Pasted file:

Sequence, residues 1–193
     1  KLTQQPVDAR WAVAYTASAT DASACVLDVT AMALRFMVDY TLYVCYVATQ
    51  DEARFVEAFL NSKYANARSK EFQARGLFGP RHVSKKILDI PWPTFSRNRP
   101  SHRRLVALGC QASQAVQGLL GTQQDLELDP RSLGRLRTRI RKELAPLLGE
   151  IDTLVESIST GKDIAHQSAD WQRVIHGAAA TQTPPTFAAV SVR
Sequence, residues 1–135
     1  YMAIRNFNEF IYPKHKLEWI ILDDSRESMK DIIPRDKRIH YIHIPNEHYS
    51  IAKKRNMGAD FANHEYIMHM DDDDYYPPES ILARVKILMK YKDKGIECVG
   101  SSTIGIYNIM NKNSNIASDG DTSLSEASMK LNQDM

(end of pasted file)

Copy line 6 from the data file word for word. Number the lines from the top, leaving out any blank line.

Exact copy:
Sequence, residues 1–135